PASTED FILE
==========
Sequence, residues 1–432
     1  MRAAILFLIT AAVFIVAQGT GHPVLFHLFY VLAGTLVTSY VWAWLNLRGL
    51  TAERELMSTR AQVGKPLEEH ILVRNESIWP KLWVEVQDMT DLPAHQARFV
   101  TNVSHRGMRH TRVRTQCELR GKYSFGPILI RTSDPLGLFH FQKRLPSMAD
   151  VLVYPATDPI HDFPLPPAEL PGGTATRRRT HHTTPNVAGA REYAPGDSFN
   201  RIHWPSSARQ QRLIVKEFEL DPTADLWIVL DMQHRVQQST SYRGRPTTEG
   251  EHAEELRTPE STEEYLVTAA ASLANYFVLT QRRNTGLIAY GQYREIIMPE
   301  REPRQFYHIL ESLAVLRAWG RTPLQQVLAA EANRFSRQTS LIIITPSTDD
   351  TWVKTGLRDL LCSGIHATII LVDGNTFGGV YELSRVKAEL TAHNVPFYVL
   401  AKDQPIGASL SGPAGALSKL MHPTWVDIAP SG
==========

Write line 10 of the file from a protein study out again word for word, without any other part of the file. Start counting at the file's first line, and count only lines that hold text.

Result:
   401  AKDQPIGASL SGPAGALSKL MHPTWVDIAP SG